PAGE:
About four miles in on the last loop I was struggling to keep my heart rate down.  I’d walk until it settled, then run again until it was too high.  Walk/run/walk/run with the walks gradually getting longer and the runs shorter.  I fueled at the stop and headed back around.  The last time I hit the aid station I sat for a few minutes, ice in my hat.  “You doing OK?” they asked.

“I’m good, just ready to be done.”

I walked all or nearly all of the last couple miles.  You need to do a 32 mile trail run to truly understand how incredibly sweet dry shoes and socks are, how sitting in a chair can be one of the best experiences you have ever had.  Just to sit.  To sit, and to know that you don’t have to get back up again for any specific purpose.  I’m sitting.  My legs are not moving.  Heaven might feel a bit like that.  I’m done.  I ran the race.  I get to sit here in peace.  You feel like you’re floating, your muscles buzzing.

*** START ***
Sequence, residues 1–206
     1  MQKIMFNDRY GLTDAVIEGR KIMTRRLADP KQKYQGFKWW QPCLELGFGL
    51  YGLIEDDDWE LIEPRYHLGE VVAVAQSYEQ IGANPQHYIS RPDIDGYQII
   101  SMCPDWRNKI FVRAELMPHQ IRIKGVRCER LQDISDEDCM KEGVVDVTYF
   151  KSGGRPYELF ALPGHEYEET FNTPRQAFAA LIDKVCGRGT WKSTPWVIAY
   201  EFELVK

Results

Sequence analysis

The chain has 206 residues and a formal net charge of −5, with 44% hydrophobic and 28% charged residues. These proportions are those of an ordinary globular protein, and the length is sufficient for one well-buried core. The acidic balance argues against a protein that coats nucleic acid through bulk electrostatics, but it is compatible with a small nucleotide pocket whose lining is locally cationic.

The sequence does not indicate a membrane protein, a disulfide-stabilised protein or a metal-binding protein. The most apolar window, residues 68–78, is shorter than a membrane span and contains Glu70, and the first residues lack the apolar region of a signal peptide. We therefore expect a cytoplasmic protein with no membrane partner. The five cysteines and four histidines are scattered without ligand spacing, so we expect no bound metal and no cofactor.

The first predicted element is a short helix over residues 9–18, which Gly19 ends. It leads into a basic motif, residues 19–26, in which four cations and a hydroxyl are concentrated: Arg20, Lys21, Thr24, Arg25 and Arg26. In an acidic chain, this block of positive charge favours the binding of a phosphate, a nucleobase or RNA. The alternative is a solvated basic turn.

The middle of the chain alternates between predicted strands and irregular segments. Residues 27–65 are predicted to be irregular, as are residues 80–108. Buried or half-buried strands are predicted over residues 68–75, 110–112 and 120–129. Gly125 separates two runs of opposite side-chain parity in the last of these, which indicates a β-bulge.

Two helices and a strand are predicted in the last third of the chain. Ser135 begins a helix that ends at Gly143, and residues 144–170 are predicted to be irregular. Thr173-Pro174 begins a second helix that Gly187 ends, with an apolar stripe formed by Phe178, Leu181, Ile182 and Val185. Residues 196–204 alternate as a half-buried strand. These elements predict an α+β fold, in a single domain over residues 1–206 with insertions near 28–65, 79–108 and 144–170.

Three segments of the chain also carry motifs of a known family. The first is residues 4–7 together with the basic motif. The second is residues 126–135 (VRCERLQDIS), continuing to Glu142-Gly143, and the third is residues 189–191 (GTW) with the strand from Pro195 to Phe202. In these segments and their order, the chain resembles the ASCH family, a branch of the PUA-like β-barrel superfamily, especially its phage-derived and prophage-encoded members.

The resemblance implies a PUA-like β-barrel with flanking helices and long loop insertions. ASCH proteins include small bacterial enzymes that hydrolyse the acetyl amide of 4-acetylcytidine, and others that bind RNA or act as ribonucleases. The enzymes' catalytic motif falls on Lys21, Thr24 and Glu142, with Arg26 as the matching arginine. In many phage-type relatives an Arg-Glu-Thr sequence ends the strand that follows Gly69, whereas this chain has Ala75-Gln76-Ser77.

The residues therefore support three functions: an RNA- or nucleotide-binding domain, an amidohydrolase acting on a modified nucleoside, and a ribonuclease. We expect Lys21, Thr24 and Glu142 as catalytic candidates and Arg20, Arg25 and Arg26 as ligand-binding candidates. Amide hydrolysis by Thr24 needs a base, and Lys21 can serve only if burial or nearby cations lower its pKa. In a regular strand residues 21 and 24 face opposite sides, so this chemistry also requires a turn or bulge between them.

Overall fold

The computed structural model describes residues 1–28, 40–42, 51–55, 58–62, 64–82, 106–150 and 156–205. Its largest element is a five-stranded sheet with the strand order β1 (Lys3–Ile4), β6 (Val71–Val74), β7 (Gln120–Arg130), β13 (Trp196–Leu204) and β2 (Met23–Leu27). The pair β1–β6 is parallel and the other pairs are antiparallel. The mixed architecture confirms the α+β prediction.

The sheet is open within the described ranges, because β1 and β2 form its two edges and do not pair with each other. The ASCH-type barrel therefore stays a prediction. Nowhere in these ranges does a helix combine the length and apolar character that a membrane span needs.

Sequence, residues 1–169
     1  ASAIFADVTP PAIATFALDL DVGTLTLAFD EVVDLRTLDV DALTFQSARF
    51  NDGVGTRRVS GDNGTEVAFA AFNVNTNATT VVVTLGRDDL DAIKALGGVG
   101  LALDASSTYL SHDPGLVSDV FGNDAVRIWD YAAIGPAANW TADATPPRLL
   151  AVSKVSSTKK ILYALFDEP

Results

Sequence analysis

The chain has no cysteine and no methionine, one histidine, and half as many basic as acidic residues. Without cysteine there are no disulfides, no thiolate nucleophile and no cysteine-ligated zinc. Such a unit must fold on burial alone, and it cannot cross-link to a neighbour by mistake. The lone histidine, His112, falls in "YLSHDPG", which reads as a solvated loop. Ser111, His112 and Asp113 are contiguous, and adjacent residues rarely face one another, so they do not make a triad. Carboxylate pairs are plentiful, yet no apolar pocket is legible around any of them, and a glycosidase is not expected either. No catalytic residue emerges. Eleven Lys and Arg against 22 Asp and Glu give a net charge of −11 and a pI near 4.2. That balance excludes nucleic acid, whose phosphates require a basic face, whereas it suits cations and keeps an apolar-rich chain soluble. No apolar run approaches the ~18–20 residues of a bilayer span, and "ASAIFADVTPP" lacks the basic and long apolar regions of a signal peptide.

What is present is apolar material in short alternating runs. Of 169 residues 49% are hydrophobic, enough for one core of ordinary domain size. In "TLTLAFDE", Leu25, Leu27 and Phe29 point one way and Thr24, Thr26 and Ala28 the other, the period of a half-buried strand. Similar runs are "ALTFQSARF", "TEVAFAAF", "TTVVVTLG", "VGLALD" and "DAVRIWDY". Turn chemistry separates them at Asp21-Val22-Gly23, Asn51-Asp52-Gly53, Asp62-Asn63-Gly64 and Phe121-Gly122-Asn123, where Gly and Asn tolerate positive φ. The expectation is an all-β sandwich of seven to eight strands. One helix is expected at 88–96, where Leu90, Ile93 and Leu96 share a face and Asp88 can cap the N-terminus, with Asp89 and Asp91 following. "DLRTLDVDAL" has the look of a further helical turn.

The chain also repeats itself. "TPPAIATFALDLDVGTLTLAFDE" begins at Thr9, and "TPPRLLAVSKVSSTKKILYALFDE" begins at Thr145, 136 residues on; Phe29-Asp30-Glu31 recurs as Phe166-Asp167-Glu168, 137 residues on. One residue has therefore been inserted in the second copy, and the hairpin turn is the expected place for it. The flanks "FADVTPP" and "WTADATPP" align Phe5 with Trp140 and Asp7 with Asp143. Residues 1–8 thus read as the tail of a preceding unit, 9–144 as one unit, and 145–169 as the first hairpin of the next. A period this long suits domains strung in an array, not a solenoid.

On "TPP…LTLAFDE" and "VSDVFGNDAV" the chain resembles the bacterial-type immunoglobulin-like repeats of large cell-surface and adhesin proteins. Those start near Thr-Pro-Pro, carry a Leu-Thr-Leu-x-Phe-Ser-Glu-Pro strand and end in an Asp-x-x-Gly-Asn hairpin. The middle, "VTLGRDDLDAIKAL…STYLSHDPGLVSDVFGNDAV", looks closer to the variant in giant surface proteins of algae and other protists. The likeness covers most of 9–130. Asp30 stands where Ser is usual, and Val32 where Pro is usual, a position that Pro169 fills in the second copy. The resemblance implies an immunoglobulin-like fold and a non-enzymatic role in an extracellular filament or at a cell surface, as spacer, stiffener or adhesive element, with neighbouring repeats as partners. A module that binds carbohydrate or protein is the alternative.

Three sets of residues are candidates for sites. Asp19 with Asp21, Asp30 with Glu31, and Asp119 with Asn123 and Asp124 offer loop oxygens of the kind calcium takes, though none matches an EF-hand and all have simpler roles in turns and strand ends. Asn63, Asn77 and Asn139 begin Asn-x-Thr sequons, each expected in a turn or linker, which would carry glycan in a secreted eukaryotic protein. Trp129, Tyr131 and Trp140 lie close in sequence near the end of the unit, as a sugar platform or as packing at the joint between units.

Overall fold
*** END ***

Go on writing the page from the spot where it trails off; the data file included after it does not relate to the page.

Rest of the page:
Hubs and one of the Traitors had been out getting tuxes lined up for the aforementioned wedding.  Shortly after I finished they stopped by to see how I was doing.  Hubs told Traitor to drive me home.

“No, I’m fine, I can drive.”

“Just let him drive you home.” (exasperated)

“OK, ok”

Stars were aligned because I got in the car and about two miles down the road my legs started cramping up like pretzels and there is no way I could have driven home.  I got out of the car and couldn’t stand up, crab-walking into the house.  While the tub filled with cold water I laid down on the floor.

Bad idea.

I knew where I was, I was cognizant and talking, but my body had enough and my legs were jerking, my head rhythmically banging the door as I tried to control my muscles.

Hubs, oddly, was not happy, eh?

Why does he keep looking at his watch?  Who cares what time it is?

“I’m fine,” I kept repeating, my head hitting the door at regular intervals, “I just can’t seem to quit jerking.”